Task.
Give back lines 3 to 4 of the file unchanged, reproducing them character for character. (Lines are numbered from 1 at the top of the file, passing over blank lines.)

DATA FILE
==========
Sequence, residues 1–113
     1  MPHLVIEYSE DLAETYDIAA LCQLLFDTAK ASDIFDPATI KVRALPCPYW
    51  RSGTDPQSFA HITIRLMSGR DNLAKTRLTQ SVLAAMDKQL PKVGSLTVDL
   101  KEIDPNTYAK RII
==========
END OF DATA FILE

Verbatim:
    51  RSGTDPQSFA HITIRLMSGR DNLAKTRLTQ SVLAAMDKQL PKVGSLTVDL
   101  KEIDPNTYAK RII